Court Endorses Use of Unpublished
The Supreme Court on Wednesday adopted a historic rule change that will allow
lawyers to cite so-called unpublished opinions in federal courts starting next
year. The new rule takes effect unless Congress countermands it before Dec. 1.
The justices’ vote represents a major milestone in the long-running debate
over unpublished opinions, the sometimes-cursory dispositions that resolve
upward of 80 percent of cases in federal appeals courts nationwide. In some
circuits these dispositions have no precedential value and cannot be cited.
“Unpublished” is a misnomer, since most of these opinions are available now
on legal databases. But some federal judges have argued that if this category of
opinions can be cited and used as precedent, they will take more time to decide
and write, sharply increasing the backlog of cases. Many sentencing appeals, for
example, are resolved by unpublished opinions. The U.S. Courts of Appeals for
the 2nd, 7th, 9th, and federal circuits ban the citation of unpublished opinions
outright, while six other circuits discourage it.
Under the new rule, circuits will still be able to give varying precedential
weight to unpublished opinions, but they can no longer keep lawyers from citing
them — in the same way lawyers cite rulings from other circuits or other
authorities, such as law review articles.
“This change will facilitate lawyers’ representation of their clients, and
it will facilitate the courts’ informed decision of future cases,” said Mark
Levy of Kilpatrick Stockton, a member of an advisory committee that recommended
the change. “It will also bring national uniformity to the process.”
At one point in the debate, 9th Circuit Judge Alex Kozinski, the leading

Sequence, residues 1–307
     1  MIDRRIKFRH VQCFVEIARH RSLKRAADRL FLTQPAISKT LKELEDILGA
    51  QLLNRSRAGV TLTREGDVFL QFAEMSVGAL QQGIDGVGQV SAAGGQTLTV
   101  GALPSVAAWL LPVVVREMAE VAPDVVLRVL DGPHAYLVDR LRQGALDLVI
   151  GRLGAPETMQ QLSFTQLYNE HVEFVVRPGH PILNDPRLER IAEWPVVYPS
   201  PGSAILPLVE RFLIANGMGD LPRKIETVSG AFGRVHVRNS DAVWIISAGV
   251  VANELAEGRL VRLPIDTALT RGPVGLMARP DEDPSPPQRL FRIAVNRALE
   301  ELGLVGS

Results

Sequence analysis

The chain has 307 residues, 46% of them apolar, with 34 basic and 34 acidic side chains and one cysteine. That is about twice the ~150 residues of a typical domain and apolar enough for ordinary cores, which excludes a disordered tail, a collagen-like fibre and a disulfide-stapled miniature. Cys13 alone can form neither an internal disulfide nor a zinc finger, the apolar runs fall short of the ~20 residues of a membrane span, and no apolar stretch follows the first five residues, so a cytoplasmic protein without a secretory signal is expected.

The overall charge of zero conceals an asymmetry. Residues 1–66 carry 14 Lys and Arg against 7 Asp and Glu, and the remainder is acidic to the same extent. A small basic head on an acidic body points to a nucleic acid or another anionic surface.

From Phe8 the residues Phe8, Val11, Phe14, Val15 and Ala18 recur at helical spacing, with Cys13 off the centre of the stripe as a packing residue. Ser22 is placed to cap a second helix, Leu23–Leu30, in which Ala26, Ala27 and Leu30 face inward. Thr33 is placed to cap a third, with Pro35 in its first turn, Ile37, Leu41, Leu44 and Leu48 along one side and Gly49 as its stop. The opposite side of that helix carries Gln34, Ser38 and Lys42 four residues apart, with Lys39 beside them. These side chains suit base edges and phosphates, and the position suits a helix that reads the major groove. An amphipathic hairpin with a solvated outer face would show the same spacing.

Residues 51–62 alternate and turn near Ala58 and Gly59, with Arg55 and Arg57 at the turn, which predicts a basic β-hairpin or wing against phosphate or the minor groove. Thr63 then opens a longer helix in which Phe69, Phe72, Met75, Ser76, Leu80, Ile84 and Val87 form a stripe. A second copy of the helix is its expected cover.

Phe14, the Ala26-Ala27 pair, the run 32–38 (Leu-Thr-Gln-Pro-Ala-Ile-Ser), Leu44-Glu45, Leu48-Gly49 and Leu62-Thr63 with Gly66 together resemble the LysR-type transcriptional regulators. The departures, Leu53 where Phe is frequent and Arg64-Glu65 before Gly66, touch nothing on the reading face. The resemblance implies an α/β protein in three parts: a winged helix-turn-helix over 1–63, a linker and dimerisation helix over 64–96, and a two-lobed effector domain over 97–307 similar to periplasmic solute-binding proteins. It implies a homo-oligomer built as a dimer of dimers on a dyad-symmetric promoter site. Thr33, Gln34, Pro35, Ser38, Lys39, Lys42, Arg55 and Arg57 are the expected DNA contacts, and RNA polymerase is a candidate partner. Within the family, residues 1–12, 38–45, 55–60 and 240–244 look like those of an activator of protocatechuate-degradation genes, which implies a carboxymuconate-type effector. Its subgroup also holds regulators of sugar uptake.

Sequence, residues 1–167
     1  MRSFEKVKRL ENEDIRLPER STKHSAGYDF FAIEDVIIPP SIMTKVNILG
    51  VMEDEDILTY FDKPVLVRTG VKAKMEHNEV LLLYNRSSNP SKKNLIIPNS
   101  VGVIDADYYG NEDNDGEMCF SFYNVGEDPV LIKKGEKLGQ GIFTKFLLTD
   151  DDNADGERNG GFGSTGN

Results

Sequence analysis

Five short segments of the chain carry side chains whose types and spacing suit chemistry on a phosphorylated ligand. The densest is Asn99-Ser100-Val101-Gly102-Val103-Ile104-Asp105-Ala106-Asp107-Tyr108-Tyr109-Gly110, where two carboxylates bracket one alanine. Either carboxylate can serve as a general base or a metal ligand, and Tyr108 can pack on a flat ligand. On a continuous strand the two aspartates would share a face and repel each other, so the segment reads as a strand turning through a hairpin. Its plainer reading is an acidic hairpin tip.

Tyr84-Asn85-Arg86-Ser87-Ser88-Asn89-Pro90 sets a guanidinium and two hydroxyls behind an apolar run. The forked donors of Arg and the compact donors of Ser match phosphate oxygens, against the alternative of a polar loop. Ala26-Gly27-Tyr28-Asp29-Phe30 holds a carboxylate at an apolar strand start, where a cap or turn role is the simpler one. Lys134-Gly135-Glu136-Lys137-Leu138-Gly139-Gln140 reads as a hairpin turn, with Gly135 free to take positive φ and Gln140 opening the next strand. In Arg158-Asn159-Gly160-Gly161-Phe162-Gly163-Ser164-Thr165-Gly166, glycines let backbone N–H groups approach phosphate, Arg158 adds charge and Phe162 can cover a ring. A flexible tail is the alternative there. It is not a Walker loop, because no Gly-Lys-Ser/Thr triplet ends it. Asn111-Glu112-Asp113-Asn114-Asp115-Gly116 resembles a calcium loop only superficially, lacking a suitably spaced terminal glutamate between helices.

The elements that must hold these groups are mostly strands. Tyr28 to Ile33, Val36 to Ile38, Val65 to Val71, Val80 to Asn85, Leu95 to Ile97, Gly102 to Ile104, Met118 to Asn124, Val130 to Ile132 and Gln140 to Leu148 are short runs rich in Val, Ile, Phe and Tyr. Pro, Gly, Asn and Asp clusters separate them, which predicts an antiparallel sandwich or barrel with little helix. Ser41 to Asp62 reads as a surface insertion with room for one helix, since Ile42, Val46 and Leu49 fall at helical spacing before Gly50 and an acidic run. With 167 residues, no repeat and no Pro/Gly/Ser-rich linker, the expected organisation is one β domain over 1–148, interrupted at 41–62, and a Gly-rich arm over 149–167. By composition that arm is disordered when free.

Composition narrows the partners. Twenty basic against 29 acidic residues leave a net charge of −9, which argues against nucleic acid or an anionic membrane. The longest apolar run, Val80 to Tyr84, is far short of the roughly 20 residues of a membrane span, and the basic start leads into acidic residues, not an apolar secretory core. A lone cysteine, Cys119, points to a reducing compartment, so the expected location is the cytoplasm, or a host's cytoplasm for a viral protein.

opponent of the rule change, said unpublished opinions were so designated for a
reason: They are drafted “entirely” by law clerks and staff attorneys. He
added, “When the people making the sausage tell you it’s not safe for human
consumption, it seems strange indeed to have a committee in Washington tell
people to go ahead and eat it anyway.”
The committee Kozinski was referring to, the Advisory Committee on the Federal
Rules of Appellate Procedure, was chaired at the time by then-3rd Circuit Judge
Samuel Alito Jr., and one of its members was then-D.C. Circuit Judge John
Roberts Jr. Both supported the change while on the committee, and now that both
serve on the Supreme Court, Wednesday’s vote may have been unsurprising. There
was no indication in the Court’s order whether any justices dissented or did
The advisory committee’s original recommendation was to allow the citation of
all unpublished opinions, past and future, but the Judicial
Conference last September added an amendment to make the rule
prospective, allowing the citation only of those rulings issued on or after next
Jan. 1. The high court adopted that amendment in the rule change it promulgated
Unpublished opinions first came into vogue in the 1960s as a time-saving device
for appellate judges. Though the propriety of an essentially secret judicial
process has been debated for years, the catalyst for change came in 2000, when
the late 8th Circuit Judge Richard Arnold ruled in a routine case that stripping
unpublished opinions of precedential value was unconstitutional because it gave
judges a power not authorized by Article III of the Constitution.
Tony Mauro can be contacted at email@example.com.
©2006 Legal Times Online